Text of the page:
Yesterday was a big deal for global climate policy

In a big day for the fight against climate change, political leaders worldwide made promises Tuesday to significantly cut greenhouse gas emissions. The announcements come just five months before a United Nations meeting in Paris aimed at coming up with a first-of-its-kind international climate pact.

President Barack Obama and Brazilian President Dilma Rousseff both promised in a joint statement to get 20 percent of their country's electricity from renewable resources by 2030, excluding hydropower. The White House called the pledge “highly ambitious” for both countries because it’s three times more renewable energy than the U.S. currently produces and twice as much for Brazil. The countries are two of the world’s top 10 greenhouse gas emitters.

Brazil also committed to restoring 12 million hectares (30 million acres) of land by 2030 and to eliminate illegal deforestation.

China, the world’s biggest carbon polluter, formally declared to the United Nations that it will stop its rise in annual carbon pollution by 2030.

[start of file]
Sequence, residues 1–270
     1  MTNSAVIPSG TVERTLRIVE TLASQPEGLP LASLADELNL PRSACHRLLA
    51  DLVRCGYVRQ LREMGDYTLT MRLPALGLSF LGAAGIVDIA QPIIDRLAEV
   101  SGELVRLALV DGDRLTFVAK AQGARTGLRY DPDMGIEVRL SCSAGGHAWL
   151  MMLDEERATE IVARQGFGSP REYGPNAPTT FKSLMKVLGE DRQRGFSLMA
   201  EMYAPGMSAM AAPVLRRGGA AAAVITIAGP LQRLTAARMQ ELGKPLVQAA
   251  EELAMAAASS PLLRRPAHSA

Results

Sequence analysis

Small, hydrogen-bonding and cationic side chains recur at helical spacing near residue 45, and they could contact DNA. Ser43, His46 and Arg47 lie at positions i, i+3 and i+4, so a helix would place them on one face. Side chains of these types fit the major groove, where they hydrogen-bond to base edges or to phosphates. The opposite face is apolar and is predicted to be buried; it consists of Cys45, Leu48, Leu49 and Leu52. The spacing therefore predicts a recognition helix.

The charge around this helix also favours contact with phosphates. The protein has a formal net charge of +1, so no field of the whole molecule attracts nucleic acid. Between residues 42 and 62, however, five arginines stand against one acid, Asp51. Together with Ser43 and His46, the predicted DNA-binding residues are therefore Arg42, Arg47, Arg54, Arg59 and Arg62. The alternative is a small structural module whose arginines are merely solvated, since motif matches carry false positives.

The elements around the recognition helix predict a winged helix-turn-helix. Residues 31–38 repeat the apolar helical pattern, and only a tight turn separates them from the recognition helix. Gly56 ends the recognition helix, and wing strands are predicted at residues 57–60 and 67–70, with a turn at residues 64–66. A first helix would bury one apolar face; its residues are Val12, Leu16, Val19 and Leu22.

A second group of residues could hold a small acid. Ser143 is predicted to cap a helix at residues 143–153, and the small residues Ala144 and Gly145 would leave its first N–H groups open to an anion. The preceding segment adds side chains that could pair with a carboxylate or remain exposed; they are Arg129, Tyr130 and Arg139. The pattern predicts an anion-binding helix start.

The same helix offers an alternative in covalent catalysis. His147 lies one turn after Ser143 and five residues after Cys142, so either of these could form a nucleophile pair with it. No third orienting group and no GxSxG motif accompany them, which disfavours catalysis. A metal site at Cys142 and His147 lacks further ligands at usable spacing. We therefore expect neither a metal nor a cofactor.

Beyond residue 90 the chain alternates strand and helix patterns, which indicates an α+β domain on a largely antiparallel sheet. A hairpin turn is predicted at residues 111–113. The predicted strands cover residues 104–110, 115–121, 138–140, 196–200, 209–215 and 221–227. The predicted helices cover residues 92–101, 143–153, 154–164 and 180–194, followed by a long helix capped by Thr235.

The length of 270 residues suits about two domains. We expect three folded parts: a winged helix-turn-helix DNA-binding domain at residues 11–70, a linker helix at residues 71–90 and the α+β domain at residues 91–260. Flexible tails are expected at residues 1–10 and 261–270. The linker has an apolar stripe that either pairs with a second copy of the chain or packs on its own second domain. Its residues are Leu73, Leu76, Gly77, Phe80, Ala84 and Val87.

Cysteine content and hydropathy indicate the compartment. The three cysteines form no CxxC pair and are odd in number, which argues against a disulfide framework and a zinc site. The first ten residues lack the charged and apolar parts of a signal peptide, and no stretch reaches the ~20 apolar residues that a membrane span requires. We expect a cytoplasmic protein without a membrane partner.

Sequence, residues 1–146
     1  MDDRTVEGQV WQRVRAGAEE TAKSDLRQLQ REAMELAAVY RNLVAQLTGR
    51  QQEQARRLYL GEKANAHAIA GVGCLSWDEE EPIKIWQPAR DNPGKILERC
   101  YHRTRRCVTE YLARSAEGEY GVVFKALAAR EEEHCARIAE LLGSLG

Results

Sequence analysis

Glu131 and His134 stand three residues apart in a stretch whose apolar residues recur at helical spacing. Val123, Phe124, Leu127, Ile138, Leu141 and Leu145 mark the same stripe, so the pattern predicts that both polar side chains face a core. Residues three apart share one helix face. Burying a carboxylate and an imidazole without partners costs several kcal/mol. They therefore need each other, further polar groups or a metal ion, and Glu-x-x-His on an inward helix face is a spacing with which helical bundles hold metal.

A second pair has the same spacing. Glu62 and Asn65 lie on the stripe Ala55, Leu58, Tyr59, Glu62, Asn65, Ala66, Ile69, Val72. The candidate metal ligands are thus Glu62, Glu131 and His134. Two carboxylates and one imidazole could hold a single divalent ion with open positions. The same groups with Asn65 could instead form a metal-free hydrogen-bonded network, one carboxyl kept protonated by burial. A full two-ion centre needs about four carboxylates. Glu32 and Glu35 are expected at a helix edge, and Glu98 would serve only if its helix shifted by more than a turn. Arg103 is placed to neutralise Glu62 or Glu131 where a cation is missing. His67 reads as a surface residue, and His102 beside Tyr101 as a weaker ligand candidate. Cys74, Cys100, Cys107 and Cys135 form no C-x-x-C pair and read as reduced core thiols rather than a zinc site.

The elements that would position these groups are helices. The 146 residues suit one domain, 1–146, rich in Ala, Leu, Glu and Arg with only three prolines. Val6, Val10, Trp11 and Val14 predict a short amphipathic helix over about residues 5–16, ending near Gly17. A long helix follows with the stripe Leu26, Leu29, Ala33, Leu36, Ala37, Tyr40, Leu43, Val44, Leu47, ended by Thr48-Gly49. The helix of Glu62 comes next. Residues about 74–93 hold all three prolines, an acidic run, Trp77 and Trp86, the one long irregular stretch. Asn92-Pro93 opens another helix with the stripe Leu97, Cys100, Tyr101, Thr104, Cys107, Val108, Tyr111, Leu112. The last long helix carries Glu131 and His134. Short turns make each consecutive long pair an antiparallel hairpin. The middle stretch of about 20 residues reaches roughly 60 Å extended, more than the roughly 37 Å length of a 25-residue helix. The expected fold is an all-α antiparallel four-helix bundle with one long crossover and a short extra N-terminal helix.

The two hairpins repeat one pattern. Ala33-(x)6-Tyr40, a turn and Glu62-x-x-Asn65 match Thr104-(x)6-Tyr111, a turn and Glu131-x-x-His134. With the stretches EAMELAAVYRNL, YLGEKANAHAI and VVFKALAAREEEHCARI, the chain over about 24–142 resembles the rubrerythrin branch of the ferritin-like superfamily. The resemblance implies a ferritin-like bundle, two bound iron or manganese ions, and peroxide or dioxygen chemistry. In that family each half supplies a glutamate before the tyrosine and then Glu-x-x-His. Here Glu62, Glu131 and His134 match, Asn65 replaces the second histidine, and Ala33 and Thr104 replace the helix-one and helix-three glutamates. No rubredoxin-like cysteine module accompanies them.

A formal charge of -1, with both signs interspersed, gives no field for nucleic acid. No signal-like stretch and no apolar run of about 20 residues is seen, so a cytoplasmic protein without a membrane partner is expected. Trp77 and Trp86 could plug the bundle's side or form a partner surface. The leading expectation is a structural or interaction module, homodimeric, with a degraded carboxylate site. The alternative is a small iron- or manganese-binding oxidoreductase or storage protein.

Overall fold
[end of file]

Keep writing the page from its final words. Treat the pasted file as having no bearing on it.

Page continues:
Climate goals were also announced by leaders in Iceland, Korea and Serbia, adding to the 40 countries who have already submitted plans on cutting carbon emissions, agreed to under a United Nations accord reached in Peru last December, according to The New York Times.

But all the fuss and plans submitted might still not be enough to avoid a warming planet, according to The Times:

...it is increasingly evident that the policy actions by these countries and others will not be enough to stave off a rise in the atmospheric temperature of 2 degrees Celsius, or 3.6 degrees Fahrenheit. At that point, scientists say, the planet will be locked into a future of extreme storms, droughts, food and water shortages, and rising sea levels.

The plans submitted under the Peru agreement are aimed at forming a new core agreement at the Paris climate talks in December.

Last November, Obama and Chinese President Xi Jinping pledged that the U.S. would lower its emissions up to 28 percent from 2005 levels by 2025 and China’s emissions would peak and decline by 2030.

In March, Mr. Obama submitted a plan to the United Nations detailing how the United States would meet its target. It said it would do so chiefly through enactment of Environmental Protection Agency regulations on emissions from cars, trucks and power plants.

The new climate pledges this week by the U.S., China and Brazil are seen as a means to position the three powers as leaders in fighting climate change before the December Paris talks.

Read more about these climate pacts here and here.

Reach Natasha Khan at nkhan@publicsource.org or 412-315-0261. Follow her on Twitter @khantasha.